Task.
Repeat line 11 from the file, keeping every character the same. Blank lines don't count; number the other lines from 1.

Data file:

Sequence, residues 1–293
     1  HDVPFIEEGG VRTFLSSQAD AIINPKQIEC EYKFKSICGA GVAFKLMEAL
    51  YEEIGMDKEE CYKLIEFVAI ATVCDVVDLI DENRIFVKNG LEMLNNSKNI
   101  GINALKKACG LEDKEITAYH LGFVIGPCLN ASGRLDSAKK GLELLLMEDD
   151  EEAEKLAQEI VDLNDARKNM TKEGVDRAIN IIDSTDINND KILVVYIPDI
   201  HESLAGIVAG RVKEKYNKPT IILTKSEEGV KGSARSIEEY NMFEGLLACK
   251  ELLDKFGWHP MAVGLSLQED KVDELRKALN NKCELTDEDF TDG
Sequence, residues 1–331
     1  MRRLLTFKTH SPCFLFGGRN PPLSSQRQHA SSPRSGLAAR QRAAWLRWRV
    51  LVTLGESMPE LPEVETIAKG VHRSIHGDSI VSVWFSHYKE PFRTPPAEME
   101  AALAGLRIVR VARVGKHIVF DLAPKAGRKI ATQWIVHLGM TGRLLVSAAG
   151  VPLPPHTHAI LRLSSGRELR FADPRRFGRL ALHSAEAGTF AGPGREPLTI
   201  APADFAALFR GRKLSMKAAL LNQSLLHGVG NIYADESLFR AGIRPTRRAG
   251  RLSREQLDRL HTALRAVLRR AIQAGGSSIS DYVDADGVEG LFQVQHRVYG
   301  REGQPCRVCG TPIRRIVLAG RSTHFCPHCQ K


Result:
   101  AALAGLRIVR VARVGKHIVF DLAPKAGRKI ATQWIVHLGM TGRLLVSAAG